Despite the stakes in the highly partisan debt ceiling battle now ongoing in Washington, D.C., the state’s top public investment fund managers say they don’t expect it to harm the tens of billions of dollars the state has invested in financial markets.
“This is political theater we’re dealing with,” said Mike Burns, executive director of the Alaska Permanent Fund Corp., which manages the state’s $40.6 billion Permanent Fund.
Republican leaders in the U.S. House of Representatives are threatening to block the increase of the nation’s debt limit unless President Barack Obama agrees to cuts in programs they want to see cut. Obama and Democratic congressional leaders, meanwhile, are standing firm on wanting tax increases to accompany spending cuts.
Federal budget officials say that by early August — the specific dates vary — the nation will exceed the statutory debt limit.
That could force cuts in spending on programs, or a previously unthinkable default on the nation’s debt, as it stops paying interest on Treasury bills.
Gary Bader, chief investment officer for the Alaska Treasury Division, doubts it will come to that.
“These things frequently have to go to the last minute before somebody blinks,” he said.
Bader handles investments such as the state’s $20 billion in retirement savings, as well as a further $20 billion other funds.
Bader said the financial markets appear to agree with his belief an agreement will be reached because they are not pricing in additional default risk in Treasury bills. If the risk of default were high, the U.S. Treasury would have to pay higher interest rates in order to borrow money to compensate borrowers for the chance they wouldn’t get their money back.
“The market still thinks Treasuries are pretty safe,” Bader said.
What the two investment professionals say they don’t know is whether the two sides will reach an agreement before or after the deadline, and what exactly the consequences of even a technical default would be.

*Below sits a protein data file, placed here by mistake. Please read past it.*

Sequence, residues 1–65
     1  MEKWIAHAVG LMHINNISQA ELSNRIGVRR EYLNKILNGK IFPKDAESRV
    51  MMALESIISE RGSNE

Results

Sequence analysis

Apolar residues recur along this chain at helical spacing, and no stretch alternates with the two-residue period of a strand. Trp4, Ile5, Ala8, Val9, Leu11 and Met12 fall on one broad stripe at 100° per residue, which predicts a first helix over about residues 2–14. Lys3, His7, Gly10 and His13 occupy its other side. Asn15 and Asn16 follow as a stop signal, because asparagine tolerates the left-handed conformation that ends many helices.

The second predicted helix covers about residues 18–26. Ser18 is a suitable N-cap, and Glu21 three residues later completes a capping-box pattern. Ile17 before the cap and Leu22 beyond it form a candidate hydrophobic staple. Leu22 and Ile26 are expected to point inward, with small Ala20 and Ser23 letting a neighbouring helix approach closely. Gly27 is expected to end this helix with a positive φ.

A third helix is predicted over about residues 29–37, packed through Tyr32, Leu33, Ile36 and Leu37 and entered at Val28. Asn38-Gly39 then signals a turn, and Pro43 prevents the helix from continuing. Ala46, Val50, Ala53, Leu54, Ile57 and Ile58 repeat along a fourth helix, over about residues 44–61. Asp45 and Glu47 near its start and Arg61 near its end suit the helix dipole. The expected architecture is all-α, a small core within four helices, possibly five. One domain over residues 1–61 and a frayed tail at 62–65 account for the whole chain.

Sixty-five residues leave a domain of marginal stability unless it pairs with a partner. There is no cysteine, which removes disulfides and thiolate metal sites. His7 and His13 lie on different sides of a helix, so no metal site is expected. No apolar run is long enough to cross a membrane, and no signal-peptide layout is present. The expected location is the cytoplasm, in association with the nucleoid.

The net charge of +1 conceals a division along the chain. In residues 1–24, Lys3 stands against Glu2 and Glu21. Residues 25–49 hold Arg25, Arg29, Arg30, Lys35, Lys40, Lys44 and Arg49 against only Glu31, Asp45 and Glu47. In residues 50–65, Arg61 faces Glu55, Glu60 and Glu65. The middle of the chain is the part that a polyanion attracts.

“This is all new ground to plow,” Bader said.
“I think an agreement will be reached, but how timely, I can’t honestly say,” Burns said.
While some observers have expressed concerns that if the world’s most credit-worthy nation were to decline to pay its bills it could have a devastating effect on the U.S. and even the world economy, Bader said he thought an agreement would be reached before that happened, even if it was after the debt limit was reached and a technical default.
“If there were a technical default, and dire consequences, I think they’d remedy it in a heartbeat,” Burns said.
He remembered back a few years to the Troubled Asset Relief Program, which failed narrowly in the House of Representatives. The stock market did a nosedive, and Congress quickly approved the legislation.
And U.S. Treasury bills remain the safest thing in the world to buy, Bader said.
The Alaska Retirement Management Board, as of its most recent report, held about $2 billion of its portfolio in Treasury bills.
“Even if there is a Treasury that doesn’t get paid immediately, that’s not to say that they wouldn’t eventually be paid,” he said.
“There’s a question if the United States would be viewed overseas as a less credit-worthy risk if it allowed something like that, but I think the United States is still gong to be a credit-worthy risk,” Bader said.
• Contact reporter Pat Forgey at 523-2250 or at firstname.lastname@example.org.